It’s back-to-school time for updated vehicle technology

Dear Car Talk:

I recently bought a 2018 car that I love driving. However, my new car, and every other car that I test drove, has far more gadgets, lights and symbols than my old (2006) car had. Do you have any ideas on the best way to master all these new gadgets? – Sally

RAY: It's not easy, Sally. We are going through a technological revolution right now. While it's resulting in safer cars, it's also creating a learning curve for lots of new car buyers. Unfortunately, we're in the phase of this revolution where humans still need to interact with and control the technology. At some point, it'll all be invisible, and just work perfectly in the background.

You may be old enough to remember when computers required you to “program” them for specific tasks. Now, you just point and click. And eventually, you’ll just be driving along with your husband, daydreaming, and – poof – your high school boyfriend’s Facebook page will just automatically pop up on your phone.

But for now, we have two recommendations. One is to find the person at your dealership who specializes in technology. Almost every dealership has one of these people now, because the car salespeople are naturally inclined to make something up when they don’t know the answer. And that wasn’t going well.

So there’s usually one specialist who’s assigned to give you an overview of all your new car’s technology before you drive off the lot. Unfortunately, for most people, it’s overwhelming.

Our suggestion: Make an appointment and go back. In fact, go back as many times as you need to. It’ll cost nothing. And now that you’re familiar with the car’s basics, you’ll be able to absorb more details about the new stuff.

Our other recommendation is something most people haven’t had to do in ages: Read the owner’s manual. But don’t read it in your easy chair with the new “Queer Eye” on in the background. Read it while sitting in the driver’s seat.

Take an hour at a time, start at the beginning, and read through the manual, going as slowly as you need to. As you get to explanations of features that are new to you, try them out. You’ll be more likely to remember them if you do that. We wish there were a faster way to do it, but until Audible comes out with best-seller owner’s manuals as “books on tape,” you’re stuck plowing through it yourself, Sally.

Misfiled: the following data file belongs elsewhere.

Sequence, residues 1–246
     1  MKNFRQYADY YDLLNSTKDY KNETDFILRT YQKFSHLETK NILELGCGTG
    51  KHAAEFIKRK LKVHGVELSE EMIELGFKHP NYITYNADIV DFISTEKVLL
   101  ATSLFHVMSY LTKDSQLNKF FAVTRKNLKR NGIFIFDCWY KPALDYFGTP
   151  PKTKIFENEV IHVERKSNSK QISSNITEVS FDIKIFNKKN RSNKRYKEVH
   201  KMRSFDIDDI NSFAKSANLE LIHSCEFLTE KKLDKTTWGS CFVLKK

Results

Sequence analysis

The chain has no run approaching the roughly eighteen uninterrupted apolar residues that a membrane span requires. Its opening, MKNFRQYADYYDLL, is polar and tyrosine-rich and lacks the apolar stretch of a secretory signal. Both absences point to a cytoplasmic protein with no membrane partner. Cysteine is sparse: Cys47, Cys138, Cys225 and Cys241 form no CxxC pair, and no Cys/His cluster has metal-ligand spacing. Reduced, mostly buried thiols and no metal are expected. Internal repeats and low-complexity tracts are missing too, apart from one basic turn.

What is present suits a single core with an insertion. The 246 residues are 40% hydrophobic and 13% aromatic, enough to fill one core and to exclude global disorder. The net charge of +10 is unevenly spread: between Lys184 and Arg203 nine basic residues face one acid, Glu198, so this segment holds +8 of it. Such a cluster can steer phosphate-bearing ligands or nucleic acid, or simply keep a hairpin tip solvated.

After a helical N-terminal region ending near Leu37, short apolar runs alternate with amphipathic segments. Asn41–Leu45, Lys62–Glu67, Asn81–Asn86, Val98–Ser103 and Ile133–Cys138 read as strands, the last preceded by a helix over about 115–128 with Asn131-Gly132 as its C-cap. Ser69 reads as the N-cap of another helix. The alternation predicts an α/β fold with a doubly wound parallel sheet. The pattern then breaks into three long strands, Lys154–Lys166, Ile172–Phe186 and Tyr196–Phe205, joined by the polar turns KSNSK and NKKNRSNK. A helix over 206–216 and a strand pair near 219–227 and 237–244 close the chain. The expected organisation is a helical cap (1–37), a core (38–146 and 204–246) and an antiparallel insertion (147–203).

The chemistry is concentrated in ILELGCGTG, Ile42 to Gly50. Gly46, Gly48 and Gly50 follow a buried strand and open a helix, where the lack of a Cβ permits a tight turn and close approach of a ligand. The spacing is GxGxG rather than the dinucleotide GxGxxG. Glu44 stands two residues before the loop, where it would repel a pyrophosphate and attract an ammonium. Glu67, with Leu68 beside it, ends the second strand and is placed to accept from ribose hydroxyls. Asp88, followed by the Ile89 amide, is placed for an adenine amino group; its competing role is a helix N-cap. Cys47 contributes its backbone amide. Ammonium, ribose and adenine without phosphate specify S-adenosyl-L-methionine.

And finally, just because all the technology is there, doesn’t mean you have to use it all. If adaptive cruise control, which makes the car slow down and speed up in highway traffic, isn’t important to you, don’t use it. But you should get familiar with all the safety stuff. And your dealer’s technology specialist and the owner’s manual are the two best ways to do that.

Good neighbor helps work out bad battery connection

Dear Car Talk:

My car is a 2002 Oldsmobile Intrigue with 80,000 miles on it. About five months ago, the car would not start. I just got a “click” when I turned the key. The lights, horn, etc. worked fine. I had the car towed to my mechanic. He turned the key and the car started right up. He checked the starter and found nothing wrong. He suggested I have the battery checked where I purchased it, as it was still under warranty.

The dealer tested the battery and found nothing wrong. I’ve used the car for the past five months and have had no starting problems. I start it an average of six or seven times a day for short trips.

The problem reappeared this past week. And while I waited for AAA, my neighbor (not a mechanic) suggested leaving the lights on. Lo and behold, the car started before AAA arrived and I have been using the car every day with no problem. Any ideas about what's wrong? Thanks. – Bob

RAY: Oh yes, the magic light trick.

We’ve seen some cases where, if you have a weak connection at the battery, sometimes drawing power (like from the lights) will improve that connection a bit over time. And if it improves the connection enough to start the car before it runs down the battery, you might get lucky. But I wouldn’t count on that working all the time. You have to find and fix what I think is a bad connection.

The most likely problem is that you have a loose or corroded battery terminal end. That’s where the cable attaches to the battery. We see this a lot on older cars. And on a lot of older GM cars, like your Oldsmobile, the terminal ends are on the side of the battery where they can be hard to see and examine. So even though your battery was checked, that could have been missed. I know, because I’ve missed it.

If you want to test this theory, next time the car fails to start, have someone turn the key while you jiggle those two battery terminal wires, one at a time. If that makes it start, you’ve found the problem. Then you can have somebody remove, clean and tighten the terminal ends, and you should be all set. If the terminal ends are tight and perfectly clean, then you could have a bad ground.

A good ground between the battery and the chassis or engine block is necessary in order for electricity to flow from the battery to the starter. And if your ground cable or clamp is old and corroded, that could intermittently prevent the car from starting. Rather than try to find the problem and fix it, it’s often easier in these cases to simply run a new ground wire from the negative battery terminal to the engine.

It could be a bad starter, but I think if it was the starter, the problem would have recurred more often. So I think you have a bad connection, Bob. And a good neighbor.